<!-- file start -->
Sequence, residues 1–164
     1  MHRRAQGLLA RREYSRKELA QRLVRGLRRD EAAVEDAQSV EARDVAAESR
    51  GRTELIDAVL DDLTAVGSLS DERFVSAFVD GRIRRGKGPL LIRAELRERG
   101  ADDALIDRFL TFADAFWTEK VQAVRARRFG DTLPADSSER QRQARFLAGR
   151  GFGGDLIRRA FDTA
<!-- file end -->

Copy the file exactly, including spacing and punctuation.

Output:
Sequence, residues 1–164
     1  MHRRAQGLLA RREYSRKELA QRLVRGLRRD EAAVEDAQSV EARDVAAESR
    51  GRTELIDAVL DDLTAVGSLS DERFVSAFVD GRIRRGKGPL LIRAELRERG
   101  ADDALIDRFL TFADAFWTEK VQAVRARRFG DTLPADSSER QRQARFLAGR
   151  GFGGDLIRRA FDTA